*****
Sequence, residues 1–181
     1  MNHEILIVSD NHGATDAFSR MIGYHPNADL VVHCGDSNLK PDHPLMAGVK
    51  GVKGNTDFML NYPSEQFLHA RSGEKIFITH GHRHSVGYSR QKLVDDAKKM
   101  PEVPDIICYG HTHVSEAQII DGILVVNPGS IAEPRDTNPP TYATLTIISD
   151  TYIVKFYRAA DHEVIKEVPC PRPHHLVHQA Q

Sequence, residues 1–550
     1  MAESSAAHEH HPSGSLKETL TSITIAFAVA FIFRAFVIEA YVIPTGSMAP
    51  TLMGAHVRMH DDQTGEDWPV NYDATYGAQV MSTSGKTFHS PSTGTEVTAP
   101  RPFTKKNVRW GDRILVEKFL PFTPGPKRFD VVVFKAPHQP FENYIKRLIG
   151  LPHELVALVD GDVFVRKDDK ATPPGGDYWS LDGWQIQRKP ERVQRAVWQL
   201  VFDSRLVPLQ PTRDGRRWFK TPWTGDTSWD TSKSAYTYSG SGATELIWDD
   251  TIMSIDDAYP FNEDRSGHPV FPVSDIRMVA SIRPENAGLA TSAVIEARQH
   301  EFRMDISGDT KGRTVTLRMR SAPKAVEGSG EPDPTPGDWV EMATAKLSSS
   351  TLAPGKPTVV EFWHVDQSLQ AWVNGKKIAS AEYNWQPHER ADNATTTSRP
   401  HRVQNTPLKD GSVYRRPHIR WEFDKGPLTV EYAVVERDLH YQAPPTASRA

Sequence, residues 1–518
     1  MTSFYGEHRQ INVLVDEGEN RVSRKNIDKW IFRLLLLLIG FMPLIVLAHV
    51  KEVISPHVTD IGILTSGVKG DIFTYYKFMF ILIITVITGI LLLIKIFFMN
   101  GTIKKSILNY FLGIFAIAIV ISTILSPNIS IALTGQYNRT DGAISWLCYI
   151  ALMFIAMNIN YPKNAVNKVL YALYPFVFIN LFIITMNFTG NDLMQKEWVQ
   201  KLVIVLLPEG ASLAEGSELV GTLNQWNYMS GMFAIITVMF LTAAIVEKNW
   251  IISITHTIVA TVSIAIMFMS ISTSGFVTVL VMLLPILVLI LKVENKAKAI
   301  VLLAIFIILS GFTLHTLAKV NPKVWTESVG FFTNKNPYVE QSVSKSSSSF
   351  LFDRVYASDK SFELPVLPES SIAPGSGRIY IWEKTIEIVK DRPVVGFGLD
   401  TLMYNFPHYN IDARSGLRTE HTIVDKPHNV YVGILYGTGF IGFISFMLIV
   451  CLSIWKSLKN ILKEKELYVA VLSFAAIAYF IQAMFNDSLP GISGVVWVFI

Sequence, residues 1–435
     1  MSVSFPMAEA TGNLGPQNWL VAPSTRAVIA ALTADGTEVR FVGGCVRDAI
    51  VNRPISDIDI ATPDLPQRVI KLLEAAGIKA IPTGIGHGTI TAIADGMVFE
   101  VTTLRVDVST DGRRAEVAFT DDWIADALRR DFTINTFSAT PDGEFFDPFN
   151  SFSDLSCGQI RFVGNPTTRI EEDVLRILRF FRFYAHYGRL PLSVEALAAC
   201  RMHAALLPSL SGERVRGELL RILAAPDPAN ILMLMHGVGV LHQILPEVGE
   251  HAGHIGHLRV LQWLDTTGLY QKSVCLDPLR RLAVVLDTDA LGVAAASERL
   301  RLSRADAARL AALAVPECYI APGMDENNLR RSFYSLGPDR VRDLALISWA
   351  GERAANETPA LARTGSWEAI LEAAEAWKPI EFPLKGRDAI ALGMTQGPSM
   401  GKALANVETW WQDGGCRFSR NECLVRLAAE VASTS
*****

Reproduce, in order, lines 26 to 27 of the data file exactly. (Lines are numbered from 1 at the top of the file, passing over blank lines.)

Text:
   451  CLSIWKSLKN ILKEKELYVA VLSFAAIAYF IQAMFNDSLP GISGVVWVFI

Sequence, residues 1–435